So, I’ve fully bit into DISQUS and really love it. Consequently I’ve been participating in some great discussions online.
Here’s another comment on @Bijan’s blog asking “Will the future of TV start with sports?”
Great point about sports advertising, but like Bijan said, the DVR has done a lot of damage here. Last spring, I watched the Celtics in the NBA playoffs solely on DVR. Avoiding tons of ads, but I also had to turn off my phone/Internet to avoid spoilers.
Now, I don’t even own a TV, I’ve just got an iMac (on which the US Open experience is awesome). If the NBA could duplicate (and improve) such a robust viewing experience as this, then I’d be glued to the screen. And of course, same for the NHL and NFL.
I think it’s really about customization. Allow consumers to make choices about their content. Let me watch exactly what I want to watch. If you build a channel for consumers to do this, they will.
Bijan made a point above about piracy/P2P. It’s just like the music industry. People ‘stole’ lots of music, until there was the iTunes store, Amazon, Amie Street etc. Now that there’s a channel to consume legally, there’s a business there. (Just noticed Kirklove’s comment like this above. Total agreement here.)
The SEC almost made a serious mistake in banning social media at games. They have since fixed their mistake and clarified their terms, however, I think they need to go a step further and figure out a way to embrace a group of people (customers) who are so in love with their games (products) that they want to tell everyone about them.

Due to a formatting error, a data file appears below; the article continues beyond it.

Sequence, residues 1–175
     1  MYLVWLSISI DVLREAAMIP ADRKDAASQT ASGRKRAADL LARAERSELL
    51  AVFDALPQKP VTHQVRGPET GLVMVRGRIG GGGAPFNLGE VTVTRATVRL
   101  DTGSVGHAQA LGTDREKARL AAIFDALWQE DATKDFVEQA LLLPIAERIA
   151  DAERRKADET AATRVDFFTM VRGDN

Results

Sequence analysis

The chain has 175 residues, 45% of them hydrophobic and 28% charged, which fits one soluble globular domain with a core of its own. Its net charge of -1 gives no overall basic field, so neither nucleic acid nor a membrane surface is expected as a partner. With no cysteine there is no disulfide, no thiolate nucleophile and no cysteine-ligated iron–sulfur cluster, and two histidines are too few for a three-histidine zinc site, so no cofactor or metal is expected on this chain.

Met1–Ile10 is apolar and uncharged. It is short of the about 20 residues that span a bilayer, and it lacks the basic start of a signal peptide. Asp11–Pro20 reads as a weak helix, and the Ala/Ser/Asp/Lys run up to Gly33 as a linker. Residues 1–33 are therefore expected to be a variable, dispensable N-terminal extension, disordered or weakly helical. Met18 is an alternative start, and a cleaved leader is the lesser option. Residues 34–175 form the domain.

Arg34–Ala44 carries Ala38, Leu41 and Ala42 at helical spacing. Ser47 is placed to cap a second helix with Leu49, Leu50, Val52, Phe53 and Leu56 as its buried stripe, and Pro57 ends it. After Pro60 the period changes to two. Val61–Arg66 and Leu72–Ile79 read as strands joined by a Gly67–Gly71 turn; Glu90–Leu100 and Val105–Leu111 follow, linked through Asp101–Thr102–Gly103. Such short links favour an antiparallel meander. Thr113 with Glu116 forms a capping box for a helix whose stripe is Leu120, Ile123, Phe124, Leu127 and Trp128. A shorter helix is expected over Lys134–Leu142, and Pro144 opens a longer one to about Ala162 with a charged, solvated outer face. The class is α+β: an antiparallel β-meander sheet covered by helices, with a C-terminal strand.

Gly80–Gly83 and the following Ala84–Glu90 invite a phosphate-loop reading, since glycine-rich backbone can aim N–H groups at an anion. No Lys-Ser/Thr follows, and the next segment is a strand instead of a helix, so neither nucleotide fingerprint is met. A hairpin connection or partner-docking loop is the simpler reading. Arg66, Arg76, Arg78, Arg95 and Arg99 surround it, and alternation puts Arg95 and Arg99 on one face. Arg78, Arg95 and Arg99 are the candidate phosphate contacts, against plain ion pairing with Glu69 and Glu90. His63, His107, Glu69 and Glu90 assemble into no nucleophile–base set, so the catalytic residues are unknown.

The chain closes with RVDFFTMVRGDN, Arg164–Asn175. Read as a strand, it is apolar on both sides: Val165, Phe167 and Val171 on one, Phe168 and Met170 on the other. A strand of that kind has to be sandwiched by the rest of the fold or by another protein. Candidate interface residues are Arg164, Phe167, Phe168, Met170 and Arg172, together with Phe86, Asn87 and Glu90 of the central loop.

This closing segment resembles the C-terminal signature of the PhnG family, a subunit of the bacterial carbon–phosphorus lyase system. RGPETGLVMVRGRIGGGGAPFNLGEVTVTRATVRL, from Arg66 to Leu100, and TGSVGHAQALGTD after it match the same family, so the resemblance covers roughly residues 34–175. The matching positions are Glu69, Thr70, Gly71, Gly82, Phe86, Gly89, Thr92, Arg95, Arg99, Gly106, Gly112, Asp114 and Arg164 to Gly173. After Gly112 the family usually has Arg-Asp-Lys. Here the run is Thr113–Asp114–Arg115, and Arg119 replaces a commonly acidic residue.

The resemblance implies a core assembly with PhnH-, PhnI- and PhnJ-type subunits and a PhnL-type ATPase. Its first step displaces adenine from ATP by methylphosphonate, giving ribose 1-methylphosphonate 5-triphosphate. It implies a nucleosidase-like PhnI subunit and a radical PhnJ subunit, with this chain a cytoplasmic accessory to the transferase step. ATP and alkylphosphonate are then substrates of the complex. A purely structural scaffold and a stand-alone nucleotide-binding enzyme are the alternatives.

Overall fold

I suppose my overall point is, there is a ton of sports media out there. All of it has value to someone, somewhere. The people in control of this media need to figure out the ways in which they can create value for their fans/customers, and in turn make a tremendous profit as well.
And where is ESPN during all of this? I think ESPN has the potential to become more of a portal or a switcher for the online content. They will act as the great curators of the sports world and people will use ESPN as a gateway… unless someone beats them to it.
Finally, the one thing that sucks about sports video online? The quality is still catching up. This US Open video is great, but from a technical standpoint tennis (and baseball for that matter) are low movement sports making streaming video quality much easier. The good news? This will only continue improving. But for this reason, the NHL will continue to lag behind the other major sports, so I’ll be waiting for the Bruins via iMac a bit longer…
And to actually answer Bijan’s original question. Yes. The future of TV will most definitely start with sports. It is the most engaging content over time, attracting fans year in and year out (I know, I’m a Red Sox fan who remembers what it was like before 2004).